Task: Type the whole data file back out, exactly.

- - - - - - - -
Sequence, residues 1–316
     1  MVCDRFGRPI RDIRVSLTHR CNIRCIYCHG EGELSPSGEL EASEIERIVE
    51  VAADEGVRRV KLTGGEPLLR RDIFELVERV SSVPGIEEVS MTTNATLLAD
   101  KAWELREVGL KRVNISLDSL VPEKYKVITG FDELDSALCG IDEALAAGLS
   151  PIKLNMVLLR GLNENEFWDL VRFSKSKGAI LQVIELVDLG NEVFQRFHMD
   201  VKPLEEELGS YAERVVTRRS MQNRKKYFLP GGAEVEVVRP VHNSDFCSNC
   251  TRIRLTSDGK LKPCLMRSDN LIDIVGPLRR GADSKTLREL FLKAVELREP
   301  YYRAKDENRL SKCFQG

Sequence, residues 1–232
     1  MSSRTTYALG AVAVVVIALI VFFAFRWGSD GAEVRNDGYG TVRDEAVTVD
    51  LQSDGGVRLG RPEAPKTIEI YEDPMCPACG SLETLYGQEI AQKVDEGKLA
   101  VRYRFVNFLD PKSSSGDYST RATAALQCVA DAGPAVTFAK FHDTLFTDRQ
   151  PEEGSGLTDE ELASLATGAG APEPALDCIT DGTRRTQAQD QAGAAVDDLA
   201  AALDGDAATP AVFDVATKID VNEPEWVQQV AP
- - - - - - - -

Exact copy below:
Sequence, residues 1–316
     1  MVCDRFGRPI RDIRVSLTHR CNIRCIYCHG EGELSPSGEL EASEIERIVE
    51  VAADEGVRRV KLTGGEPLLR RDIFELVERV SSVPGIEEVS MTTNATLLAD
   101  KAWELREVGL KRVNISLDSL VPEKYKVITG FDELDSALCG IDEALAAGLS
   151  PIKLNMVLLR GLNENEFWDL VRFSKSKGAI LQVIELVDLG NEVFQRFHMD
   201  VKPLEEELGS YAERVVTRRS MQNRKKYFLP GGAEVEVVRP VHNSDFCSNC
   251  TRIRLTSDGK LKPCLMRSDN LIDIVGPLRR GADSKTLREL FLKAVELREP
   301  YYRAKDENRL SKCFQG

Sequence, residues 1–232
     1  MSSRTTYALG AVAVVVIALI VFFAFRWGSD GAEVRNDGYG TVRDEAVTVD
    51  LQSDGGVRLG RPEAPKTIEI YEDPMCPACG SLETLYGQEI AQKVDEGKLA
   101  VRYRFVNFLD PKSSSGDYST RATAALQCVA DAGPAVTFAK FHDTLFTDRQ
   151  PEEGSGLTDE ELASLATGAG APEPALDCIT DGTRRTQAQD QAGAAVDDLA
   201  AALDGDAATP AVFDVATKID VNEPEWVQQV AP